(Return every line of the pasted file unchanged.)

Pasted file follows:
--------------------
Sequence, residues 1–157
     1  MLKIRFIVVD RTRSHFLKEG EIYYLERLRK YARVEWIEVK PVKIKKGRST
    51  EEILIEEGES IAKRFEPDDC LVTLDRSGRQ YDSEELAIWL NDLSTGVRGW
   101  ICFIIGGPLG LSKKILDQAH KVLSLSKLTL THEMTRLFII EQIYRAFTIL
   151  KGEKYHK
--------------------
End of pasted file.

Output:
Sequence, residues 1–157
     1  MLKIRFIVVD RTRSHFLKEG EIYYLERLRK YARVEWIEVK PVKIKKGRST
    51  EEILIEEGES IAKRFEPDDC LVTLDRSGRQ YDSEELAIWL NDLSTGVRGW
   101  ICFIIGGPLG LSKKILDQAH KVLSLSKLTL THEMTRLFII EQIYRAFTIL
   151  KGEKYHK